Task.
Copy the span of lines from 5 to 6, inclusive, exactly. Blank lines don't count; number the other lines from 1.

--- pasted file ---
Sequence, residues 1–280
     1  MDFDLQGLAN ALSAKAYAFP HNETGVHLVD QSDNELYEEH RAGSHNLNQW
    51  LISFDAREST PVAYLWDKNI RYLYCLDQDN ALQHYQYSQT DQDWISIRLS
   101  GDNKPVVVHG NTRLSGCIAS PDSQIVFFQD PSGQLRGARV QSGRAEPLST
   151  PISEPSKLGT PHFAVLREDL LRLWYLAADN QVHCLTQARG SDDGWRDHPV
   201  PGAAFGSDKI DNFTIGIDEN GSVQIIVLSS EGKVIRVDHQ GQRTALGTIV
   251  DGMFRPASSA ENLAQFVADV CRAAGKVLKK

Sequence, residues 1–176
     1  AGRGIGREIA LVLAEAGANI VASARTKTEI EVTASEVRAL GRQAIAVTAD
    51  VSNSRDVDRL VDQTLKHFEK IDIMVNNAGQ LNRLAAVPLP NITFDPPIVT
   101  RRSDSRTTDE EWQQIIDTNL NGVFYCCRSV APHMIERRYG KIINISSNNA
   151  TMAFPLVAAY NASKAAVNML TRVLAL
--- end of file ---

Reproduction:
   151  PISEPSKLGT PHFAVLREDL LRLWYLAADN QVHCLTQARG SDDGWRDHPV
   201  PGAAFGSDKI DNFTIGIDEN GSVQIIVLSS EGKVIRVDHQ GQRTALGTIV